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Clinton e-mail use violated rules, inspector general finds

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Democratic presidential front-runner Hillary Clinton's use of a private e-mail system while she was secretary of state violated State Department rules, the agency's inspector general concluded in a report that will hand Republicans an additional line of attack as the general election campaign gets underway.

[WASHINGTON] Democratic presidential front-runner Hillary Clinton's use of a private e-mail system while she was secretary of state violated State Department rules, the agency's inspector general concluded in a report that will hand Republicans an additional line of attack as the general election campaign gets underway.

The audit by the State Department's independent investigator found no evidence that she requested guidance or approval to conduct official business via personal e-mail on a private server - and concluded the agency likely wouldn't have granted the request.

The inspector general also faulted the State Department's handling of electronic records and communications beyond Mrs Clinton's tenure.

"Longstanding, systemic weaknesses related to electronic records and communications have existed within the office of the secretary that go well beyond the tenure of any one secretary of state," the report, which was delivered to Congress Wednesday, said.

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Mrs Clinton declined to speak with investigators, according to the report, as did at least three key aides: former Chief of Staff Cheryl Mills, former Director of Policy Planning Jake Sullivan, who is now a top aide on the campaign, and former Deputy Chief of Staff Huma Abedin, who now serves as the campaign vice chairwoman.

The inspector general's report adds to Mrs Clinton's political woes as she's trying to wrap up the Democratic presidential nomination and campaign against presumptive Republican nominee Donald Trump, who's used the e-mail controversy as part of his criticism of her fitness for the White House. Mrs Clinton faces a separate FBI investigation and a conservative watchdog group has sued for access to her messages.

While her challenger for the Democratic nomination, Vermont senator Bernie Sanders, has largely steered clear of the issue, Republicans have jumped on the controversy.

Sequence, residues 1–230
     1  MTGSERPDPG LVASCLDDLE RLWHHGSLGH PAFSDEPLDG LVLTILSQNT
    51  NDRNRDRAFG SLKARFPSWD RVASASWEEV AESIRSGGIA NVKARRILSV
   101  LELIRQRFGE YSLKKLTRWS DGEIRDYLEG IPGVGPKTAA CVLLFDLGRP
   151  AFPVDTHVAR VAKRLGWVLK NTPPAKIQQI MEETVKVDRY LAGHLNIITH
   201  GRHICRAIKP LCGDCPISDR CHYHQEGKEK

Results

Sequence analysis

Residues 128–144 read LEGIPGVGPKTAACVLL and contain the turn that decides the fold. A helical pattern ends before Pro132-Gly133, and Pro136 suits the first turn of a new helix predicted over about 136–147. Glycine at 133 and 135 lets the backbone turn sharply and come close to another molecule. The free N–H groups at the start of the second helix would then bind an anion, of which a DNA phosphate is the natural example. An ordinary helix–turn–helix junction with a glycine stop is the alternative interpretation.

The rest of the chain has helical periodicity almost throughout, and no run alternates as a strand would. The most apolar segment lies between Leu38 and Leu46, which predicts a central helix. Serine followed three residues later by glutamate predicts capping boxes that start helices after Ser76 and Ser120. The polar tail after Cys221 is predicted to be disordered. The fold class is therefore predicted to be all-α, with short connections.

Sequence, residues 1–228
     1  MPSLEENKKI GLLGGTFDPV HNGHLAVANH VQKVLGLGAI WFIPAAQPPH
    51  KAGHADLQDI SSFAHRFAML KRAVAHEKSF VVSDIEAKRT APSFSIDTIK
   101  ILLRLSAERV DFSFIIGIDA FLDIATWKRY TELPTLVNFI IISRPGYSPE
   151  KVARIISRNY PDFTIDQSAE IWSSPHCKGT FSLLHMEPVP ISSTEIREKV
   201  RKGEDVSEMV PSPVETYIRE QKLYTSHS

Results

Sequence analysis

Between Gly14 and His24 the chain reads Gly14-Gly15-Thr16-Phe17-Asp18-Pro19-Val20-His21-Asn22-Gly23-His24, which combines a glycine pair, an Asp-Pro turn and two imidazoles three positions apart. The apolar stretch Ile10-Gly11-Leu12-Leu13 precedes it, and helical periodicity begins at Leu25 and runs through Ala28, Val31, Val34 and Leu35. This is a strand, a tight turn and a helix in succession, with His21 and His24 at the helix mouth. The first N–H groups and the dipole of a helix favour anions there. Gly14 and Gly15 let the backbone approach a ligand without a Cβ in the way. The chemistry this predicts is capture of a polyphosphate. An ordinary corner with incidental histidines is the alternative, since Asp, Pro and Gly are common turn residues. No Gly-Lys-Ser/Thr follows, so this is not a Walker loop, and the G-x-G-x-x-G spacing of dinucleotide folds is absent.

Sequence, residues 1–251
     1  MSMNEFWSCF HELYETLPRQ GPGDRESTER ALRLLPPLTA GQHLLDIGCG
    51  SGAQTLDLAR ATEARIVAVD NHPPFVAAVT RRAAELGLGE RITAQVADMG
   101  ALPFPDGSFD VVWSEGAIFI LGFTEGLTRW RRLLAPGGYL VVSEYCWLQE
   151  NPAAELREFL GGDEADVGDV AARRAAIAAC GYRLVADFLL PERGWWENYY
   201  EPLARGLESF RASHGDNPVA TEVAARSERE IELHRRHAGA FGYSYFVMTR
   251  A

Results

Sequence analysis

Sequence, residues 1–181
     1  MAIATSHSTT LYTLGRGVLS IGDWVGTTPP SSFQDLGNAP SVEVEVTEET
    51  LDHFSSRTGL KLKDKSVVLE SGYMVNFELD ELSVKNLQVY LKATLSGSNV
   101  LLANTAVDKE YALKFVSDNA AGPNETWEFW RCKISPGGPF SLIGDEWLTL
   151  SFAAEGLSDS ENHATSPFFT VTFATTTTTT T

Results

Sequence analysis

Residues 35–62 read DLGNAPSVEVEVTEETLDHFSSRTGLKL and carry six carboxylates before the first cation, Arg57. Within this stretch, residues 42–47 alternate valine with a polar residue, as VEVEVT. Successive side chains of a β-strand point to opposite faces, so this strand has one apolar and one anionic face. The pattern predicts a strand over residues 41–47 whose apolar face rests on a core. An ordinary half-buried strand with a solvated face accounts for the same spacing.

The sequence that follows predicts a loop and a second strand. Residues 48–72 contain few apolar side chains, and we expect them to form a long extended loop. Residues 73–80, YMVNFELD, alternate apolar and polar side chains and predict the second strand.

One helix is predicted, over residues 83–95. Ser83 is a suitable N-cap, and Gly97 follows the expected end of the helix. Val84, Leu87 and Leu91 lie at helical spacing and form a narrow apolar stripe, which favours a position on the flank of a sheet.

Before he withdrew from the race for the nomination, Florida senator Marco Rubio said Mrs Clinton's first act as president would be to "pardon herself" over the e-mails, while Mr Trump has referred to her as "Crooked Hillary".

Mrs Clinton used private e-mail to send or receive about 60,000 messages from 2009 to 2013. She and her aides said about half were work-related and turned over to the State Department. They have said the rest, which they deemed personal, were destroyed.

Mrs Clinton added that she used the system as a matter of convenience, but said that in hindsight she should have used a government system.

Full report from the inspector general, click here Following a review, State Department officials said more than 2,000 of the messages Mrs Clinton shared contained classified information, with top-secret information appearing in 22. However, no material was labeled as classified when the e-mails were sent or received. Mrs Clinton and her aides say that shows she didn't do anything wrong.

Still, Mrs Clinton herself expressed some concerns about her personal e-mails being exposed. In November 2010, she and Ms Abedin discussed via e-mail whether Mrs Clinton should send messages via the State Department system or sharing her private e-mail address.

"Let's get separate address or device but I don't want any risk of the personal being accessible," Mrs Clinton wrote in a response quoted in the report.

The inspector general said using a private e-mail system "is not an appropriate method of preserving any such emails that would constitute a Federal record."

"At a minimum, Secretary Clinton should have surrendered all emails dealing with Department business before leaving government service and, because she did not do so, she did not comply with the Department's policies that were implemented in accordance with the Federal Records Act," the report said.

Mrs Clinton was not the first secretary of state to rely on private e-mail while serving as the nation's top diplomat. Colin Powell, who served under president George W Bush, has said he used private e-mail as part of an effort to upgrade State Department communications and that none of his records were preserved.

Mrs Clinton's use, though, included a private server, which many experts say may have been more difficult to protect than commercial services available from companies like Google.

The inspector general also said the State Department's guidance on e-mail use "was considerably more detailed and more sophisticated" by the time Mrs Clinton took office.

The inspector general interviewed current Secretary of State John Kerry, Mr Powell and former secretaries Madeleine Albright and Condoleezza Rice for the report. Mr Kerry told the auditor that he has used personal e-mail, but infrequently, and that he either copies or forwards such e-mails to his State Department account.

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